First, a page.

About the Book
The police say she’s guilty.
She insists she’s innocent.
She’s your sister.
You loved her.
You trusted her.
But they say she killed your child.
Who do you believe?
With thanks to the publisher for the copy received. No Further Questions was a novel that was different to many others that I read. Not because of its subject matter or type of crime fiction but because I was convinced I knew who was responsible for Layla’s death. The problem was that this character, alongside many others had a perfect alibi. I won’t say who I thought it was, or if I was correct but I would love to know what other readers thought.
It is told by various points of view as you go through the court case. Many of the witnesses have their own voice, they are not just standing in the dock answering questions. You see their inner thoughts and their turmoil at not doing more on the night of Layla’s death and in the events that led to it. You also get to see what the judge was thinking. I liked this a lot, I’ve only ever read about a judge’s thought in lighter novels and I found it fascinating.
Obviously the death of a baby is traumatic and the court case caused more upset. Martha and Scott had differing opinions about whether Becky is responsible but still managed to be supportive to each other. I could see their attempts to rebuild their lives, each blaming themselves and I was willing them on to be successful.
The court case didn’t overpower the storyline, there was plenty of room for the personal storylines too. There was also not too much medical detail, I have found in the past that it can be confusing if you are not familiar with the terminology.
A brilliant novel that many will enjoy.
About the Book
Joanna is an avoider. So far she has spent her adult life hiding bank statements and changing career aspirations weekly.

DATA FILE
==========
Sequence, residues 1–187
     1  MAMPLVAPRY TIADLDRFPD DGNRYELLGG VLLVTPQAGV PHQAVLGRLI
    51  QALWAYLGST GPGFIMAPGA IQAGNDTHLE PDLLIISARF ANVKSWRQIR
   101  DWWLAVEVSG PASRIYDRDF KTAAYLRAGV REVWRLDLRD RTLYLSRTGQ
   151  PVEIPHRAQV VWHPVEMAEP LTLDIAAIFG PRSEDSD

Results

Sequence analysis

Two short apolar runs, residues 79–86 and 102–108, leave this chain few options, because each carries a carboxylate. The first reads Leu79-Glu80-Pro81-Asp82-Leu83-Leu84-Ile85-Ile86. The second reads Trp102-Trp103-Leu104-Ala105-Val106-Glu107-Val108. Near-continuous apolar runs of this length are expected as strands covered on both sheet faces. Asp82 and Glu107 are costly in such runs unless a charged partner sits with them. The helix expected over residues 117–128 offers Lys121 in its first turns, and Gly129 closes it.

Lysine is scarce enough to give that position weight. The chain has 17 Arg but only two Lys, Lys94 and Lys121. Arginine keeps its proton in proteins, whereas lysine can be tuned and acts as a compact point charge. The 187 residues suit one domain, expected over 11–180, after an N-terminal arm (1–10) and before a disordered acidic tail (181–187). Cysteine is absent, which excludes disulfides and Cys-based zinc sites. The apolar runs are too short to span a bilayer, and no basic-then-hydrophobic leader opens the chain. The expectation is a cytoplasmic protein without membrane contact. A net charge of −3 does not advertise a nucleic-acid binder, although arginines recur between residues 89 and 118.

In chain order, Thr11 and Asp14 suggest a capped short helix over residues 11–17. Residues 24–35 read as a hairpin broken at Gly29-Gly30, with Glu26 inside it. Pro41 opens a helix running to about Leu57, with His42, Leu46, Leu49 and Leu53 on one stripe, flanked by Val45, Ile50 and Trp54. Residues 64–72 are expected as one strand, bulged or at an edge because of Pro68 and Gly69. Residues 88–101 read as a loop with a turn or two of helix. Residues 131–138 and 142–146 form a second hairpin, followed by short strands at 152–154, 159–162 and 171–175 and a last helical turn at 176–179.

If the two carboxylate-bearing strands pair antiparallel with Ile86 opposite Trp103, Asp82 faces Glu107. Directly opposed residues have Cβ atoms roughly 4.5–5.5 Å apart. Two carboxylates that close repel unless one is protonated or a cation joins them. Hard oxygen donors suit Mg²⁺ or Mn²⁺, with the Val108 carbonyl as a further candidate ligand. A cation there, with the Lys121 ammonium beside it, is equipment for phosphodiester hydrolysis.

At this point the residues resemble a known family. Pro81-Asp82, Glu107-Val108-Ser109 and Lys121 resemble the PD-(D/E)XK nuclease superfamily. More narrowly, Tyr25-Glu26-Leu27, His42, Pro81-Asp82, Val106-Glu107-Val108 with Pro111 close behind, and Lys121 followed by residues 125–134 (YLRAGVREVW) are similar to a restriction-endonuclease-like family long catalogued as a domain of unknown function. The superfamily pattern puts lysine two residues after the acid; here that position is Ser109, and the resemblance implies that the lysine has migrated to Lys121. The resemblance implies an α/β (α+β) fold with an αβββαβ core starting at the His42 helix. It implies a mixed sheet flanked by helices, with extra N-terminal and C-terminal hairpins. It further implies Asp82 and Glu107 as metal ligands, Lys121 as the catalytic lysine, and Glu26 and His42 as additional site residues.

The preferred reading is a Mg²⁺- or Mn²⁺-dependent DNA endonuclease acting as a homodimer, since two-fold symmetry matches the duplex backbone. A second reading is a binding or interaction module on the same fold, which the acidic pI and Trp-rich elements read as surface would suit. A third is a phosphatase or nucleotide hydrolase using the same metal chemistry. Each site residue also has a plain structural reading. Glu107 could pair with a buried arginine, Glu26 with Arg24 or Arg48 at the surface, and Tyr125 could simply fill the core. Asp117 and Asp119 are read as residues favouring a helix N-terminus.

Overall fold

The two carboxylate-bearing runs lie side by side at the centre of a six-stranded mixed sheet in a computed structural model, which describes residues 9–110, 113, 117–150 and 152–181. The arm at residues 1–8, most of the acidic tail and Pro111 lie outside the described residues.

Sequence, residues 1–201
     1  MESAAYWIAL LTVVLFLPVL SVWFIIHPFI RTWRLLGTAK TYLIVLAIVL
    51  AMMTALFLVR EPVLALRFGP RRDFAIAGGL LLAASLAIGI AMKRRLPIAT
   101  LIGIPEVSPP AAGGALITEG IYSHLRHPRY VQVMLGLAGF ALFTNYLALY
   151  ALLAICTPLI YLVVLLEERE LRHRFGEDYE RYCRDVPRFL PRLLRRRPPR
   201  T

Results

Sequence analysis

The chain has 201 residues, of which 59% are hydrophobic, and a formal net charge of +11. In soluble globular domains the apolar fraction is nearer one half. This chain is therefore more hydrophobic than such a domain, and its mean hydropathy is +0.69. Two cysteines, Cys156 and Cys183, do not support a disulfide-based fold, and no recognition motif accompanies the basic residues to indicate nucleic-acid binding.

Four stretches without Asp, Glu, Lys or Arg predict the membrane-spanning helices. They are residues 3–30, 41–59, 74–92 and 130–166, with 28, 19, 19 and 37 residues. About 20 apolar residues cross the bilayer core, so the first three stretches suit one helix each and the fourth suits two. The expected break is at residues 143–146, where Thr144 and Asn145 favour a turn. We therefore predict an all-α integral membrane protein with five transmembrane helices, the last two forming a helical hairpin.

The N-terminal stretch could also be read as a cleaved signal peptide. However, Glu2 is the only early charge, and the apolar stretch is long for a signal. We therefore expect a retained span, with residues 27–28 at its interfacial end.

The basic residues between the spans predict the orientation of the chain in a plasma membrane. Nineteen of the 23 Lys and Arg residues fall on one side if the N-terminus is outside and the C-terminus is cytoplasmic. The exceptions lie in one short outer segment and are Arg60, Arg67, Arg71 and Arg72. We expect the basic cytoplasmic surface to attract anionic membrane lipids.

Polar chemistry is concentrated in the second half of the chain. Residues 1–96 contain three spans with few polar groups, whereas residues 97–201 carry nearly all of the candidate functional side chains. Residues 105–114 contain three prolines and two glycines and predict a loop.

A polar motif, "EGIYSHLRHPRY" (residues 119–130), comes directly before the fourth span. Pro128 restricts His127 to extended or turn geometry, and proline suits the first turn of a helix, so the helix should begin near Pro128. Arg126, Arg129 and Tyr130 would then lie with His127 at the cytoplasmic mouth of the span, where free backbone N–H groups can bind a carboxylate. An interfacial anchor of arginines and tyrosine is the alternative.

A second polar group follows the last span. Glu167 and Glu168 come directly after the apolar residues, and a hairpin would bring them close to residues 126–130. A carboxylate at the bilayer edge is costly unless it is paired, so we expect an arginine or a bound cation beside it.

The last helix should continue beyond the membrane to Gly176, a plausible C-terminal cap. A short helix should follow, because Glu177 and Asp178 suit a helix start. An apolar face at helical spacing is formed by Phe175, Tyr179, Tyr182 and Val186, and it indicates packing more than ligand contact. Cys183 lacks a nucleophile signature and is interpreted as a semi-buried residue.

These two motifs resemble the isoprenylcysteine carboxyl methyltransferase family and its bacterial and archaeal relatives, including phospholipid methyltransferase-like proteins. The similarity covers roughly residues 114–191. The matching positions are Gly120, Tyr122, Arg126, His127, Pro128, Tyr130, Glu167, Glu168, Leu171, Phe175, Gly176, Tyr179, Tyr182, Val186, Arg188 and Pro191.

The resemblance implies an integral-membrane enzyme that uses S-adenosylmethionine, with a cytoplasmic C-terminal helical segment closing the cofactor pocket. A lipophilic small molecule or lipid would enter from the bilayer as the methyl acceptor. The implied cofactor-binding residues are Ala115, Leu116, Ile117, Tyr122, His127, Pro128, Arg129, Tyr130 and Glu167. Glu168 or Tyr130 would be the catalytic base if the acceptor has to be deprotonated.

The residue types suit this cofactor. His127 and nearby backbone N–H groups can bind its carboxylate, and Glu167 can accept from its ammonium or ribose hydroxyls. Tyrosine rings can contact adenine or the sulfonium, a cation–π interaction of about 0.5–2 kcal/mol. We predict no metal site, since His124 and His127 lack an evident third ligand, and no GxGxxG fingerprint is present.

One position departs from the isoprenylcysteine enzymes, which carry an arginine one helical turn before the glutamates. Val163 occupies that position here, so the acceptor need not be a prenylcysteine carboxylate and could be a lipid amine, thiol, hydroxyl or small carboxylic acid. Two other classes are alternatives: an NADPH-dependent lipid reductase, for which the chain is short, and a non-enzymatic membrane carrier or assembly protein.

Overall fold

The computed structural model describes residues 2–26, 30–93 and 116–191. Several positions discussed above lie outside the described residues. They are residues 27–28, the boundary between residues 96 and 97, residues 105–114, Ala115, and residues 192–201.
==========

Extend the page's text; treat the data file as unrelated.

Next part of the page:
But then one night Joanna hears footsteps on the way home. Is she being followed? She is sure it’s him; the man from the bar who wouldn’t leave her alone. Hearing the steps speed up Joanna turns and pushes with all of her might, sending her pursuer tumbling down the steps and lying motionless on the floor.
Now Joanna has to do the thing she hates most – make a decision. Fight or flight? Truth or lie? Right or wrong?
I would like to thank the publisher for the copy received for review.
After an evening out goes disastrously wrong, Joanna has to make a decision quickly. Being honest with the police and her family or running away from scene. Whichever path she chooses there will be consequences.
‘Conceal’ is the version where Joanna decides to stay quiet. Because she didn’t act the situation is worse for her and the man she leaves on the footpath. She feels guilty, loses a lot of weight and pushes away everybody she is close to.
‘Reveal’ is where she does act and gets help for the young man but places herself in a situation where she could go to prison.
Which ever decision she took would have consequences on the rest of her life. Which would you do?
Both scenarios were fascinating but I found it easier to like and have sympathy for Joanna in ‘reveal’ . The reader is introduced to a character who has always felt that she has had to prove herself. Especially to her family, who seemed to take satisfaction in ridiculing her at family get togethers. She never stuck to anything, hung up on being a failed Oxford graduate. In ‘conceal’ you also saw a different side to her, the guilt and desperation taking over and her punishing the ones who loved her.
There were a few characters I liked in both versions. These were her husband Reuben, a strong character who loved her for who she was, her brother Wilf and her colleague Ed. All three were close to her and all could have helped if she let them.
It did take me a while to get used to the narrative. I have never read anything like it before. It is dual narrative with a difference, often the same scene played with the same characters, same time but a different outcome. You could easily enjoy both as two different novels. One of the more unusual novels that I have read this year.